ERDDIG: REFLECTIONS ON PATRIMONY

From the corner summerhouse set in the wall,

the towering lime trees between the canals –

at the eastern end of the formal garden –

are still leafless, like jet lace work, like nets

disentangling, against the light blue skies

and the white, driven, cumulus clouds of March.

 

This was a medium-sized business. They made

their money the usual gentry way from rents

plus coal, were typically self-sufficient,

using and selling their managed timber,

were unusually innovative in

hydraulic projects,

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THE OPTIMISM OF ENGINEERS

For John Huddart

 

Whichever way you approach the town of Fflint,

on the coast road east or west, down Halkyn

Mountain, from the Dee Estuary, you see

the towers first – Richard, Bolingbroke and Castle

Heights, three 1960s, multi-storey

social housing blocks – not the castle.

 

Richard Plantagenet, Richard of Bordeaux,

King of England, surrendered to his cousin

and childhood friend, Henry of Bolingbroke,

in the inner bailey of the castle,

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AND WITH A LITTLE PIN

On liberty’s last morning, he said mass

in the Great Tower – the chapel was cold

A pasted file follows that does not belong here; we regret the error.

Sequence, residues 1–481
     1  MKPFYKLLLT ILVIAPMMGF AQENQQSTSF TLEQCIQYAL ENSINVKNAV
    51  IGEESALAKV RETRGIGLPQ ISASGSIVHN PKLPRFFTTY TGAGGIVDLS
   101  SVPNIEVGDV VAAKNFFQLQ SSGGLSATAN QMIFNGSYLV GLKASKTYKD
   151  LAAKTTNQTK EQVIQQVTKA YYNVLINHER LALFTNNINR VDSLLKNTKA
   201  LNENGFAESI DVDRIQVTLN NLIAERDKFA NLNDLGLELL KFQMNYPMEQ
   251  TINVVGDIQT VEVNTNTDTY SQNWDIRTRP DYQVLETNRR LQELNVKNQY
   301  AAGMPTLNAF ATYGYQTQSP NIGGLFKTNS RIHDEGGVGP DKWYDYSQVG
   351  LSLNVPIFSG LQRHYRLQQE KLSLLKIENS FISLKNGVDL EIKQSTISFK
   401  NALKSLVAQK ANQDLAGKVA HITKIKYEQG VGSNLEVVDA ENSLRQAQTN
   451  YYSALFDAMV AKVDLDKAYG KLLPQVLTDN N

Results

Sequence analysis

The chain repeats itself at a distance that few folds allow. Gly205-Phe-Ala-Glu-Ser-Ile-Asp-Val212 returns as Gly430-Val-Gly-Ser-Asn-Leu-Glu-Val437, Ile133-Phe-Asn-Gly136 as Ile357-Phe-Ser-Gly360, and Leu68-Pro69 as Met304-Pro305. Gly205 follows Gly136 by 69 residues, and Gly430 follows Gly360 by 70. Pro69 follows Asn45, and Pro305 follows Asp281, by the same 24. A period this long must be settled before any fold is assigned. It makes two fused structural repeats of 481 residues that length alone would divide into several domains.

as winter. August’s sun warmed the rebels

riding along the estuary shore,

their drums silent. He watched from the walls.

At his back, the seas breaking on Ireland. King

and Usurper, first cousins, exchanged

purple words in the base court, a surfeit of

epithets: bombast, self-pity. Serfs

were indifferent but Richard’s dog fawned

on new majesty. The epicure

who bespoke a coat of cloth of gold

rode captive from Fflint to London in the same

suit of clothes.

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THE WRECK OF THE SS ROTHESAY CASTLE

A dirty night in the Menai Straits…

a paddle steamer on a sudden sandbank –

pounding itself, pounding itself, pounding…

seas silencing the hullabaloo.

 

For the last time, the lifeboat pulls for the shore.

Two lovers, roped to the mast, drown their joy.

 

All turned to chalk on the dark sea bed.

Far, far above was the muffled cry

of gulls, the cormorant’s swift shadow.

 

 

Note: the poem was originally published on the site in November 2009.

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BRYN CELLI DDU, YNYS MÔN

This March day is replete with the bright warmth

of spring and ewes bleating for their lambs.

Cropped, walled grass rolls like a green, chequered sea.

The name translates: ‘Hillock of the black grove,

the dark cell’.  The sacred trees have gone:

with the Druids, out-run by Rome’s legions;

and the wheat fields, which fed all of Cymru

before the Plantagenets came. High ground

and megalith survive:  sign-posted, fenced.

 

A passage of shale slabs opens on a round

chamber,

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